A rivet is an indestructible structure used to attach separate entities together. Its round head and pointed tip make it ideal for application to secure two materials in unison. To fasten the rivet, the sharp tip is pushed through one of the components, while the wider head is hammered on the opposite side, resulting in widening of the stem which imposts a reliable bond between them.
Metal and plastic rivets can be used for a variety of jobs, each having its individual pros and cons. Metal rivets are usually sturdier and reliable, yet difficult to install when compared to plastic rivets which are simpler to manipulate. When dealing with metal rivets, two categories exist: split rivets which favor accessibility over hold strength; and solid rivets which prioritize strength over installation complexity.
The installation process for a rivet begins with the pre-drilling of the material. The bore should be just a pinch smaller than the rivet’s diameter. Once done, place the rivet through the hole, ensuring that its head stays on the side which will receive hammering. The nead should also extend beyond the other side of the opening.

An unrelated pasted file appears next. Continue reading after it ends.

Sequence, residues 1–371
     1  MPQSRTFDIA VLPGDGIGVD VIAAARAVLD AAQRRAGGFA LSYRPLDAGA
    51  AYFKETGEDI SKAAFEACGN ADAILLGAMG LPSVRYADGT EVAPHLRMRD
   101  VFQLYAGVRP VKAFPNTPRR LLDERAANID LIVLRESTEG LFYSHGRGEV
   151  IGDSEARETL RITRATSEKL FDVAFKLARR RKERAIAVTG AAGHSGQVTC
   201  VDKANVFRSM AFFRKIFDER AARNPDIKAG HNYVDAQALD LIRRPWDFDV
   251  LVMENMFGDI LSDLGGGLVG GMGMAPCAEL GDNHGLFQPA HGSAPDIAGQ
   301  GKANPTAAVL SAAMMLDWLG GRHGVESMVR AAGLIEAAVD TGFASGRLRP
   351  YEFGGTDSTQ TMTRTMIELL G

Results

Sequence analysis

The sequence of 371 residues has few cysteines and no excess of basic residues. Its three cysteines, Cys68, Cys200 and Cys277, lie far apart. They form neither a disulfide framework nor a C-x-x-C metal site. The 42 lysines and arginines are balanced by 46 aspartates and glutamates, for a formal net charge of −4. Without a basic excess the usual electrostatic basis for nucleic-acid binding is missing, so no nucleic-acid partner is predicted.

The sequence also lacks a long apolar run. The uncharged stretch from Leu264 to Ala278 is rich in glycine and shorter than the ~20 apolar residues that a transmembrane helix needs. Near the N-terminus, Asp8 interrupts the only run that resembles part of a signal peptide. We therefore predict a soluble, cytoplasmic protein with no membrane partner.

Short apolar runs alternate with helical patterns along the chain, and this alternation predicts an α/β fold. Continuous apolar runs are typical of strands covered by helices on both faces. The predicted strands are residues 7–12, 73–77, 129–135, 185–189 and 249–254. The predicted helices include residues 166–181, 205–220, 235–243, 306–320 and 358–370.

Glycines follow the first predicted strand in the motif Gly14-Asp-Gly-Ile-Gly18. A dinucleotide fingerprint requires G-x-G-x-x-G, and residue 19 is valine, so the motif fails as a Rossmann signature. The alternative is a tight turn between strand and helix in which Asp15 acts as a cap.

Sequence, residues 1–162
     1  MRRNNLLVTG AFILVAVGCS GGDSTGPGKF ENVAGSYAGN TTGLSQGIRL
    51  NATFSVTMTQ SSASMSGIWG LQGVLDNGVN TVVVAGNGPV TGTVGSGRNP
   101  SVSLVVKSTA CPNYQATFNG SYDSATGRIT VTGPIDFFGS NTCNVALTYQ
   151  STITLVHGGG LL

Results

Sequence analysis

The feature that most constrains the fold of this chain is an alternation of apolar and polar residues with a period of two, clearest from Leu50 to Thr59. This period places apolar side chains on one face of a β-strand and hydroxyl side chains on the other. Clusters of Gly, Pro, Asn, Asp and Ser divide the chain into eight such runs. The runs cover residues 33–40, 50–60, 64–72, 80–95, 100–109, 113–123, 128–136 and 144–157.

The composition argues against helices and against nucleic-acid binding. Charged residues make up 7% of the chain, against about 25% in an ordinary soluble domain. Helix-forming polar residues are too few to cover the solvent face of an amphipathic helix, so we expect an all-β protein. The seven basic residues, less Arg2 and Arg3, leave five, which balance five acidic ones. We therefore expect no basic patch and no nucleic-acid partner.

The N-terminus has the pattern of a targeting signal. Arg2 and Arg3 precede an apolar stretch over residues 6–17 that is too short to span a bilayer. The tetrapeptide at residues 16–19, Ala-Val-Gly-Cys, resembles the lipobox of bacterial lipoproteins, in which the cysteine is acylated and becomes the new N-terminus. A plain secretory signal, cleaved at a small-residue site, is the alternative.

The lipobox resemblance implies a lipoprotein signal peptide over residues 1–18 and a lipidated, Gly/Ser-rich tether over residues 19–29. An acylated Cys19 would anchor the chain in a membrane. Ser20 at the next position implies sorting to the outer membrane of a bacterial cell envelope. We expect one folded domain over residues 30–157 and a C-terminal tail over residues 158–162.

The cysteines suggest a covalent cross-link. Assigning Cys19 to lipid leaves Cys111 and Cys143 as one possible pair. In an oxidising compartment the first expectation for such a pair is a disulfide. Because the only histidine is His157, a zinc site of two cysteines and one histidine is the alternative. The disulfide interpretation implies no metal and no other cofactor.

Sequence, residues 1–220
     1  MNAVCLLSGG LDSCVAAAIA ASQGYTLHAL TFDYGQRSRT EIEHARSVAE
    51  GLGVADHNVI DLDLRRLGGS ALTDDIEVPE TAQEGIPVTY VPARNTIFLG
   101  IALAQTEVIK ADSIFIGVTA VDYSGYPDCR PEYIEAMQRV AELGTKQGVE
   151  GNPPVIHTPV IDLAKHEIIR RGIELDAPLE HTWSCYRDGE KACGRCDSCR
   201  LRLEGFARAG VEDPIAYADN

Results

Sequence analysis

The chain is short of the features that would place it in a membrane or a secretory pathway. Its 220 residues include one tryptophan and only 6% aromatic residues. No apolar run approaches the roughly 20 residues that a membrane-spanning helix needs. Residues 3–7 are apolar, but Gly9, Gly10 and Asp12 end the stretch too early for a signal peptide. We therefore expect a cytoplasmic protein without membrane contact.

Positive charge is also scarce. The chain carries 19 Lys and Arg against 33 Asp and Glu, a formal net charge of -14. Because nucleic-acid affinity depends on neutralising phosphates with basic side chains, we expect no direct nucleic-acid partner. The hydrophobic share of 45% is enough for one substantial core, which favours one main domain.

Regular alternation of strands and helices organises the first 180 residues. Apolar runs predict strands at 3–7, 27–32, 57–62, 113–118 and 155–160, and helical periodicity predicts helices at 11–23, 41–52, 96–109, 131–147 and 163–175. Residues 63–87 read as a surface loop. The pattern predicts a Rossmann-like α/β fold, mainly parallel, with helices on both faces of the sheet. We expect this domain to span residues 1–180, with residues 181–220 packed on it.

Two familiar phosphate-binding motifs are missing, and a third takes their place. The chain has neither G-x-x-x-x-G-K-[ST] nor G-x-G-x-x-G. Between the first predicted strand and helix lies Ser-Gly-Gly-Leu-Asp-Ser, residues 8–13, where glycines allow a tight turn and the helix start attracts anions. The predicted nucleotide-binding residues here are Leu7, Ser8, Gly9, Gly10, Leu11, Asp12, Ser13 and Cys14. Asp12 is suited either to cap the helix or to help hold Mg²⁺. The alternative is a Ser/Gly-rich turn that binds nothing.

To ensure the stability and security of the rivet, the data requires the head to be hammer until it is in line with the texture of the surface. Through this process, the tip of rivet will swell, enabling it to retain its place. To finalize its installation, trim off any excess remaining after the process.
Requiring a robust union, yet dealing with too slender or overly substantial material? A threaded rivet could be the answer. This unique rivet type features threads near its summit, fashioned for exactly those instances when a solid rivet proves inadequate, or a split one is unworkable.
Insertion of a threaded rivet begins with the boring of a small hole into the material to be secured. Care must be taken to ensure the diameter of the bore is fractionally smaller than that of the rivet being used. With the hole drilled, the rivet is placed so the head faces the side you intend to strike. The purpose of this action is to ensure the threaded portion of the rivet extends from the opposite side of the aperture.
To complete the riveting process, use a hammer to make the head of the rivet level with the material. Thump away until you feel the threads bite into the surface. Trim off any loose ends after that for a flawless finish.